Of course, many age-sensitive tests show statistical associations with one another simply because they change with age. For example, people with cataracts frequently are found to have limited exercise endurance or poor immune responses, in part because people with cataracts are usually old people. The key to evaluating potential biomarkers is to determine to what extent these associations hold up after statistical adjustment for age effects (that is, after removing the portion of the correlation that is due to age alone). The simplest way to accomplish this task is to make the measurements on individuals of the same chronological age. In cases where that is not possible, multivariate statistics provide useful approaches for analysis of more complex age-structured data sets. The most useful information is likely to be obtained in middle age, when the aging process has already had an effect, but when few subjects have been lost through death and the complex effects of serious illness and its treatment need not yet be considered for most subjects.

Item (ii)--predicting remaining longevity--is included as a way of tying the biomarker validation process to the current "gold standard" for interventional gerontology: all-cause mortality rates. Despite the weaknesses of using either mean or maximal life-span as oversimplified indices of aging rate, survival curves are still, deservedly, a critical part of the argument that a diet or a gene slows down aging. It is easy to construct scenarios in which an intervention alters life-span but does so independently of any effect on aging (such as low-fat diets for the atheroma-prone, low-salt diets for the hypertensive, or low-bullet environments for those attracted to violent companions). One of the difficulties associated with satisfying criterion (ii) occurs when experiments are conducted with any group of test animals in which nearly all die of a single cause, such as autoimmune disease, mammary cancer, or renal failure. Such a situation presents serious problems, confounding effects on a specific disease process with possible effects mediated via alteration of aging rate. Demonstration that a candidate biomarker can predict longevity in a group of genetically heterogeneous mice, in which individuals die of different diseases, would add strong support to the argument that the biomarker provides an index of aging rate, because only by slowing aging per se would it be possible to retard so many forms of lethal illness.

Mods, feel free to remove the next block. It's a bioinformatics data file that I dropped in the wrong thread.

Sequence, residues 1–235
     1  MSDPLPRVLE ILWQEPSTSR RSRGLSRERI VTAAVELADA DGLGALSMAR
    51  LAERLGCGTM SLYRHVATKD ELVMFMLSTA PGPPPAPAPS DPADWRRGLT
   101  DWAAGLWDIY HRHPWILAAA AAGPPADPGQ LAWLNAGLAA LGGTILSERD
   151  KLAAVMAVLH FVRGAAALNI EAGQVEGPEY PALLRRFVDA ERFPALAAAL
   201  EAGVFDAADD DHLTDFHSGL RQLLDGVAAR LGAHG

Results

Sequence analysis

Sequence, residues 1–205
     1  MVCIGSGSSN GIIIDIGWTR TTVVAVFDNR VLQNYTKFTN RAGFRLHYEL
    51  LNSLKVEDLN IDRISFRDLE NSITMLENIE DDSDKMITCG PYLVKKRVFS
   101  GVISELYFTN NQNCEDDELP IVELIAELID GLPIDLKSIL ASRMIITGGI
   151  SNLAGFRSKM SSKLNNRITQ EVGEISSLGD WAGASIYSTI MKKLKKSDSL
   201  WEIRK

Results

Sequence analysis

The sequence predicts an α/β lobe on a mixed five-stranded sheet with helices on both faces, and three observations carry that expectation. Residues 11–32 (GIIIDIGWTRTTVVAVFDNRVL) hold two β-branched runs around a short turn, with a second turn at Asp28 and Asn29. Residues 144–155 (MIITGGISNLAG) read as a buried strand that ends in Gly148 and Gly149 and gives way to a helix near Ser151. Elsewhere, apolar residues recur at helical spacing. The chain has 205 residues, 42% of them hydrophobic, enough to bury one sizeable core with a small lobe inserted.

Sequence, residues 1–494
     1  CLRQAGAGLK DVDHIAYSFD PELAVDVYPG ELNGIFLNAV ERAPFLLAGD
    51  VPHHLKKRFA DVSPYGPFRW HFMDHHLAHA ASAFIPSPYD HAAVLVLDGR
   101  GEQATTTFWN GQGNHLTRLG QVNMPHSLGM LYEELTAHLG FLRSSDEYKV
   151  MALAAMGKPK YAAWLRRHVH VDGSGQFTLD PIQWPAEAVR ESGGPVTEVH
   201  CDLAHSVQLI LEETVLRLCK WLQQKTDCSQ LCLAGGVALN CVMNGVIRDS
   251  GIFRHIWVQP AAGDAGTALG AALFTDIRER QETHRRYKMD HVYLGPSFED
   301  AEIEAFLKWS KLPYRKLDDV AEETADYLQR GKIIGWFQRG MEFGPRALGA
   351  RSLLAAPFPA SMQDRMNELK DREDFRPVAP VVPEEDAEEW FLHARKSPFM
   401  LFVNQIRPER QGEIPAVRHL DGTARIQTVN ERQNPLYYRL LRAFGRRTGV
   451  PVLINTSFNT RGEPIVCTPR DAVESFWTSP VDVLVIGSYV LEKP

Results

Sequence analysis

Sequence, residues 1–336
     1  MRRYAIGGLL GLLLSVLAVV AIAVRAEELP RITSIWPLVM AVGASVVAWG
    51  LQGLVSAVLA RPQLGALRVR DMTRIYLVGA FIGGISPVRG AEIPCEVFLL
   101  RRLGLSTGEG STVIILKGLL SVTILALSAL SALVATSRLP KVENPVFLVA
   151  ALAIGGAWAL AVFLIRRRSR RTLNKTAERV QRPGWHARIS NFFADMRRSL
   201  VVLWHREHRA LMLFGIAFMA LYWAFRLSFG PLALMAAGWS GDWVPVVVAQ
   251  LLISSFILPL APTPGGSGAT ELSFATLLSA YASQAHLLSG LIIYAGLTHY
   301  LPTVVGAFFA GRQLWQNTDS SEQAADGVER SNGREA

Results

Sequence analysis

Tests that predict life expectancy only very close to the time of death are less informative, because it is hard to exclude the idea that the outcome of the test may have been influenced by the same illness or preclinical syndrome that led to death. Nearly all attempts to show that immunological tests predict life-span in humans can be challenged on this basis, because in all cases except one (5), the follow-up period (2 to 4 years) was a very small fraction of the total life-span.

Item (iii)--that biomarker measurement should not alter either life expectancy or the outcome of subsequent tests of other age-sensitive traits--is included with a view toward both experimental validation and clinical applicability. Tests that involve the death of the subject, such as tests that depend on tissue from internal organs, cannot be incorporated into protocols that will have clinical utility and, furthermore, cannot be validated by showing that the test predicts remaining life-span. Tests conducted on tissues produced from euthanized animals, though not themselves useful as biomarkers, could in principle play a role in a program designed to validate more suitable candidate biomarkers of aging. A study of the value of peripheral blood T cell function as a biomarker of aging could, for example, make use of data showing which of the functional assays were best associated with age-sensitive measures of bone or heart structure and function.